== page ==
Chapter 15: Thunderstorms and Tornadoes

Chapter 15: Thunderstorms and Tornadoes
Thunderstorms are storms containing lightning and thunder!
All thunderstorms, ordinary or air-mass thunderstorms, and severe thunderstorms have 3
1) Cumulus – Warm, humid air rises in a conditionally unstable environment. A
cumulus cloud forms that penetrates across the freezing line and water (ice) droplets
2) Mature – Falling precipitation creates a downdraft. Entrainment of cold, dry air from
outside the cloud adds to the downdraft. Cloud top reaches stable stratosphere and
anvil forms.
Charge separation occurs with + ions moving from warmer falling hail to lighter ice
crystals. Top of cloud becomes +, bottom - , ground induces + charge. Lightning
forms. Heavy rain, hail, gusting wind in strong up and down drafts.
3) Dissipating - Downdrafts dominate, moisture supply cut off, thunderstorm dies out.
Downdrafts may trigger another storm by causing humid surface air to lift up (multicell storms).
Severe Thunderstorms:
Strong vertical wind shear causes up and down drafts to tilt and separate to different
regions. Thus, storms can be longer – lived and grow in strength.
Sometimes an inversion exists near the base of the cumulus cloud – a shelf cloud is an
indication of the inversion. This inhibits smaller storms and allows massive
thunderstorms to form.
Lightning and Thunder
Lightning is an electrical discharge. A column of electrons (-) extends from cloud to
ground. The electrons come from the breakdown of air molecules caused by the high
electric field. Once the column reaches the ground (closed circuit) the electrons quickly
dump. At this point, the + ions move upward in the path created by the electrons and
make a return stroke.
Thunder comes from the shock wave caused by the heating of the air column. It is a
sonic boom.
Electric fields are most intense near sharp objects.
Polarized atom in electric field
Sound travels ~ 1 mile every 5 sec (343m/s)
Light travels ~ 1 million miles in 5 sec! (3 X 108 m/s) (Let’s say, instantaneous)
After you see lightning, count # seconds until you hear thunder. Divide # sec by 5 and get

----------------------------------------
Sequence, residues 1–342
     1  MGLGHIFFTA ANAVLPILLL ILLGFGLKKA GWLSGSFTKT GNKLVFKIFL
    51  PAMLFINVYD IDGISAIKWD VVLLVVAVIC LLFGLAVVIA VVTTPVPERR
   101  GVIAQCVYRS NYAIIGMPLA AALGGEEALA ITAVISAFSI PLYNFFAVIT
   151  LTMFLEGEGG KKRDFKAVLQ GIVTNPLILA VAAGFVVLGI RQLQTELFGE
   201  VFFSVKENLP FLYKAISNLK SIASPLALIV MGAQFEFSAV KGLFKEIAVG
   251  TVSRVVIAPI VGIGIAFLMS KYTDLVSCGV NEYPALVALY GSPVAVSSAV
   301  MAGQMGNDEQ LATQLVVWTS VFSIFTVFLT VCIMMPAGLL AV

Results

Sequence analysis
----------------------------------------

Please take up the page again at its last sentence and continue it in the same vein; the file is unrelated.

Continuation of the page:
miles away to where strike was.
Rapidly rotating winds around a small intense area of low pressure. Spawned by severe
thunderstorms in general.
1. Dust – whirl stage
• Dust – whirls at ground level
• Wall cloud forms – rotating clouds at base of storm
2. Organizing stage
• Increase in intensity, funnel cloud extends down partway to ground
3. Mature stage
• Funnel extends to ground, most damaging stage, nearly vertical
4. Shrinking stage
• Width decreases, funnel tilts
5. Decay stage
• Becomes rope-like, distorted and dissipates
All stages are completed usually in a few minutes and path extends several miles.
In order for a storm to spawn a tornado, the updraft must rotate. A rising spinning column
of air within the storm is a mesocyclone.
Conservation of angular momentum causes air to speed up as it rushes toward the center
of the low. Air goes down in the core of a tornado and up around the outside.
First observation is rotating clouds at the base of the storm. Then a wall cloud develops.
Then a funnel cloud emerges and grows toward the surface. Meanwhile, circulation of
dust and clouds can be seen at the surface. The funnel then forms to the surface.
Wind speeds can reach approximately 300 mph maximum.
Doppler Radar
Recall: weather radar
Pulsed microwaves (1-20cm wavelength) are sent toward cloud and some scatter off of
precipitation. Backscattered waves travel to detector and time elapsed is measured. Time
elapsed gives distance to cloud and intensity of scattered waves tells how much
precipitation (and what size). Intensity means the number of pulses entering the detector
per second.
Doppler radar uses Doppler shift and measures frequency change to get speed toward and
away from receiver.
Higher frequency
Source of pulses
(moving to left)
Lower frequency
Top view
The moving water drop shifts frequency of scattered waves.
Doppler radar reveals the mesocyclone inside storms and can detect tornadoes.